Dead of Night
or a teenager who had never been outside of London, Romain Curtis knew a lot about astronomy. His knowledge seemed pointless in a city where the night sky was usually barricaded behind an immense lid of low sulphurous cloud. When he looked up between the buildings, all he could see was a wash of reflected saffron light. But behind this he sensed the glimmering tracery of constellations, and could point to them with the certainty of a sailor.
Unfortunately it was a talent that impressed no-one, least of all the girls from the Cromwell Estate in Bloomsbury, where he lived with his mother. Shirone Estanza was no different, and had stared blankly at him when he offered to name the stars, but she still pursued him. She was physically unlike most of the girls he had hung out with—shorter and rowdily brash—but she seemed like a lot of fun. She changed the colour of her nails every week (tonight, acid green) and wore the tightest skirts he’d ever seen. But he was still finding his feet with girls, and couldn’t be sure if he even liked them, or if they liked him.
Romain appeared younger than his fifteen years. He had his father’s flat nose and wide forehead, but never appeared intimidating because he was rail-thin. He read voraciously, preferred heavy metal to hip-hop, and wanted to study textile design at Central St Martin’s. He saw movies about angry West Indian kids on council estates and failed to recognise anything of himself in the characters. His father had told him to be his own man, to keep close with his mates, to stay fit and fight back, pointless advice from a warehouseman who spent his days borrowing money from girlfriends, shuttling between the pub and the fixed-odds terminals in betting shops.
For a kid with hardly any money, London is a city of closed doors. Astronomy was a free hobby. Romain could go to museums and libraries, and sit in parks on clear evenings, using the app on his mobile to identify constellations. Tonight, Shirone had insisted on paying for their drinks in The Gunmakers, a pub she could enter without being carded because one of her brother’s best mates ran the bar. Although Romain had nowhere to take her now, it was a warm, muggy night, and as he had been running wild in the neighbourhood since he was old enough to stand, he knew every dark and secret space for miles around. Leading her down Wakefield Street into the narrow gloom of Henrietta Mews, he reached the closed iron gates of St George’s Gardens and stopped, turning to her.
Shirone had folded her arms and was offering a defiant jut of the jaw. ‘If you think I’m going in there, you’ve got another think coming.’
‘What’s wrong?’ Romain asked innocently. ‘There’s never anyone in here.’
‘Been inside with a lot of girls, have you?’
‘No, what I mean is it’s dead quiet and calm, all grass and trees an’ that, and sometimes it’s dark enough to see the stars.’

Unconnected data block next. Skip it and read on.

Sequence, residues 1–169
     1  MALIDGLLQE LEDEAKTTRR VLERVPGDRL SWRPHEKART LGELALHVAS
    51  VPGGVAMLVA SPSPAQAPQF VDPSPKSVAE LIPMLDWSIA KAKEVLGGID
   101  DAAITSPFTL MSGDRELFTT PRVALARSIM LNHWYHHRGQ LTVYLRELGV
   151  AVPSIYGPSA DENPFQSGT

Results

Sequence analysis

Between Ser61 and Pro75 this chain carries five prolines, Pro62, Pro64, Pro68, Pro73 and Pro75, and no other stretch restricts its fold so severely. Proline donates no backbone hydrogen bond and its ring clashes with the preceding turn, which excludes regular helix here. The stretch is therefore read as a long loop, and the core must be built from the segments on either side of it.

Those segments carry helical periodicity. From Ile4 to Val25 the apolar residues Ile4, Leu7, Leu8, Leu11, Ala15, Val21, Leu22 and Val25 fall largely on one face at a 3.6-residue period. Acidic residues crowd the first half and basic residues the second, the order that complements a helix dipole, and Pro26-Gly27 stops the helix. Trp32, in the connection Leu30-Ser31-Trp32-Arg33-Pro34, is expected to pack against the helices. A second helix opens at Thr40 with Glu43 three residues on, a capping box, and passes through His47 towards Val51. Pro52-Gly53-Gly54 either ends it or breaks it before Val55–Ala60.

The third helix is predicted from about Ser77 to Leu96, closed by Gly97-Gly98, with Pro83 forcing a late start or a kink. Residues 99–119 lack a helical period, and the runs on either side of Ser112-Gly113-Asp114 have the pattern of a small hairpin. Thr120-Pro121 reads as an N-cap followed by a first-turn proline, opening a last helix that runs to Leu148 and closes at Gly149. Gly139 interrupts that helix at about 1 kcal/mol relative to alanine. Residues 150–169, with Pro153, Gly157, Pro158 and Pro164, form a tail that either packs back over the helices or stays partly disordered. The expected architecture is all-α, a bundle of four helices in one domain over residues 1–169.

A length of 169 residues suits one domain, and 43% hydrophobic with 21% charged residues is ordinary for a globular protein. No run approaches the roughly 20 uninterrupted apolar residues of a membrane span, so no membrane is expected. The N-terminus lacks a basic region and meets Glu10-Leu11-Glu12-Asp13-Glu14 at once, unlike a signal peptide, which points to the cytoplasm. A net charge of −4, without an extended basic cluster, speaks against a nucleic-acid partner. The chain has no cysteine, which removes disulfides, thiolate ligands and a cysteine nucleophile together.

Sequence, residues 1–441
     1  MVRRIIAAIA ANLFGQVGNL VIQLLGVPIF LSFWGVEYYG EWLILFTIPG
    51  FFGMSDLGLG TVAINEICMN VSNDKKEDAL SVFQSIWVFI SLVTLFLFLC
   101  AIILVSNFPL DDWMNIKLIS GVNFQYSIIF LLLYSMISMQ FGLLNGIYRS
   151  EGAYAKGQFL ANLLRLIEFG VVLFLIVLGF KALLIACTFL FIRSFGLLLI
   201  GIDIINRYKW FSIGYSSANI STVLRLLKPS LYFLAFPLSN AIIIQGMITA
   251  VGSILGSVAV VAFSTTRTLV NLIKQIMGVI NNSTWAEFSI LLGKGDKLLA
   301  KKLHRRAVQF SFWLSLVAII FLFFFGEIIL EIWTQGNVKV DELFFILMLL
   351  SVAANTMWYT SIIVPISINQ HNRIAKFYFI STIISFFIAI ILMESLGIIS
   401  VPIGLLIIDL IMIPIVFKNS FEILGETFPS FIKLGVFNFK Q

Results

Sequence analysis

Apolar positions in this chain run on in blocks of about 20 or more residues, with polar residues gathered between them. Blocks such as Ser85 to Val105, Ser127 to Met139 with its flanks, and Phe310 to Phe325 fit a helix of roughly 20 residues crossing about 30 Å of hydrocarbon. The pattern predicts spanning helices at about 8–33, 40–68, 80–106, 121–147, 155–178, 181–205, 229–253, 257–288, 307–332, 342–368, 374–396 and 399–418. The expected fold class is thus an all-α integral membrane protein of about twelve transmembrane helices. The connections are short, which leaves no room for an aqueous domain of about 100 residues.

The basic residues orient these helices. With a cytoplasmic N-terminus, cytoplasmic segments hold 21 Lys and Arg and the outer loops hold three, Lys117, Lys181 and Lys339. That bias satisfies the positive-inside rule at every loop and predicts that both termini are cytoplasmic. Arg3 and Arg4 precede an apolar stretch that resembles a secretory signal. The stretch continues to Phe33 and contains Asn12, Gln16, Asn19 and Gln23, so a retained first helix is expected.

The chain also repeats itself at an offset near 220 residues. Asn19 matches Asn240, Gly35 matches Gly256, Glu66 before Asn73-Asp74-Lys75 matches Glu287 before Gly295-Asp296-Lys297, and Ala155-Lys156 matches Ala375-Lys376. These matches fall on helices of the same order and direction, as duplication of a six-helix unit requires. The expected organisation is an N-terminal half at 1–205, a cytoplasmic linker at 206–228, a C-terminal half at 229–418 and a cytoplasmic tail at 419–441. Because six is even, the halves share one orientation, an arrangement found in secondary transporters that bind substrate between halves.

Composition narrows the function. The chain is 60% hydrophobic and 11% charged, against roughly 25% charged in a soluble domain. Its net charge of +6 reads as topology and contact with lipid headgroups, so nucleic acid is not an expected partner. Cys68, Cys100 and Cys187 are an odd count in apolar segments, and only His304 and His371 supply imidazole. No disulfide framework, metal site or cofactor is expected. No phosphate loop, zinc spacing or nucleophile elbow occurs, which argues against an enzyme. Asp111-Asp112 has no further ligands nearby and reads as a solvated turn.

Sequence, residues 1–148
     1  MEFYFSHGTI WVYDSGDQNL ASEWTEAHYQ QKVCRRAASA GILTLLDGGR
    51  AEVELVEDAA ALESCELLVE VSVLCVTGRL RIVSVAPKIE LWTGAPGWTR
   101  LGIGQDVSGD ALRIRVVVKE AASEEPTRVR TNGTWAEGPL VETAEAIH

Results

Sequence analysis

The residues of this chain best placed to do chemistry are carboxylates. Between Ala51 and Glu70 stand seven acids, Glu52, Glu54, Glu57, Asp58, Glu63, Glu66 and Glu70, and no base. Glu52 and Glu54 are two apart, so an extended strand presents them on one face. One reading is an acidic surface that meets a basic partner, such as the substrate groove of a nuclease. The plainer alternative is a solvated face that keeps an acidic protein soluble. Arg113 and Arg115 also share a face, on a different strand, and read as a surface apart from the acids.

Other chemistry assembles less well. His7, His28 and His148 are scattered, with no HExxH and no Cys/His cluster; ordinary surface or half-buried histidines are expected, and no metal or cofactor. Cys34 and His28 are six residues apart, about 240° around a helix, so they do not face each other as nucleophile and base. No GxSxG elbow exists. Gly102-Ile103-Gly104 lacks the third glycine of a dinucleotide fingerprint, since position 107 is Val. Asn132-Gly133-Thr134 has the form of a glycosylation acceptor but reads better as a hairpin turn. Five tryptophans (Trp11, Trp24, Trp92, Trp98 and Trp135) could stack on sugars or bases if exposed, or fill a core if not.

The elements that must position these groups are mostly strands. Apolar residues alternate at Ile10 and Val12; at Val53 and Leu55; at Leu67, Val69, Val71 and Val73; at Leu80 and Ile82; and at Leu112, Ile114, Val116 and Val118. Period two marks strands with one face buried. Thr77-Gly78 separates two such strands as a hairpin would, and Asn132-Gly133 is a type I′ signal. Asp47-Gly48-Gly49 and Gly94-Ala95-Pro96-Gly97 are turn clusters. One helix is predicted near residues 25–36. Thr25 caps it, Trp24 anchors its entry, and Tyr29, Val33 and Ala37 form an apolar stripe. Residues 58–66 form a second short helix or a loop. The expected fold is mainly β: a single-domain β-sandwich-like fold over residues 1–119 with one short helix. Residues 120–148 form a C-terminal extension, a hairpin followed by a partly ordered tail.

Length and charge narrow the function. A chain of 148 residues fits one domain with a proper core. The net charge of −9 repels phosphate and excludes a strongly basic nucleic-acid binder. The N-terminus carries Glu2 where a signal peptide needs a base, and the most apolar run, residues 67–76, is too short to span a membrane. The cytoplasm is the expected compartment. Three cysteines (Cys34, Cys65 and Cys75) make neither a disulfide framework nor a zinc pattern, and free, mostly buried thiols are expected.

‘You gonna start naming ’em all again?’
‘No, I just fancied a sit-down with you. Look.’ He swung a long leg over the black iron railings and stepped lightly down inside. ‘It’s easy. There’s never anyone in here. You need a hand over?’
‘I can manage.’ A moment later she had joined him and was looking around. ‘That’s nice, innit? You didn’t say we was going to a graveyard.’ She pointed to the stone circle of sarcophagi that rose between the paths like sacrificial altars, and the broken line of verdigris-topped headstones leaning against the back wall, under the shade of the plane trees. She had been in the little park many times but had never really taken much notice of the graves before. By day most of them were lost in the shadows.
‘It’s a garden, it’s not used for burials no more, not for ages.’ He ushered her past the headstones, towards a grassy area between the stone memorials. Tall buildings hemmed the park in on all sides. Here, at the backs of several blocks of flats, sheltered by the dense canopy of branches, they moved unobserved. Even the pale nimbus of the moon was lost from view. He dropped to the neatly clipped lawn and pulled out his mobile. She sat more gingerly, wary of ground that felt perpetually damp, even after a few days of dry weather.
‘I got this tracking app that shows you the position of the planets,’ he said, tilting the light to her. ‘See?’
‘How old are these graves?’ asked Shirone, twisting about. She was wearing stretch jeans and very high heels, and sitting on grass of any kind was a tentative activity at best.
‘About three hundred years, maybe more.’ He returned his attention to the phone. ‘See, Ursa Major is right overhead. In Greek mythology, Callisto got turned into a bear and was almost shot with an arrow by her son. He was turned into a bear, too. Ursa Minor. It’s supposed to be the only constellation that never sinks below the horizon.’
Something ticked down from a nearby tree, a bird releasing a twig, perhaps. Shirone looked as if she was about to spring to her feet. She had no problem pushing her way through a gang of ten classmates but more than three trees in the same place bothered her.
Romain pulled a battered joint from his jacket pocket and dug for his lighter. ‘I used to come here when I was little, for picnics and that.’ Perhaps it was best not to go on about the cemetery, he decided, as it would ruin his chances with her tonight, but he hadn’t been able to think of anywhere else they could go. He dragged on the roll-up and tried to pass it to her, but she pushed his hand away. The sound of a single car, heading south, broke the silence. The little park’s greenery insulated it from surrounding noise.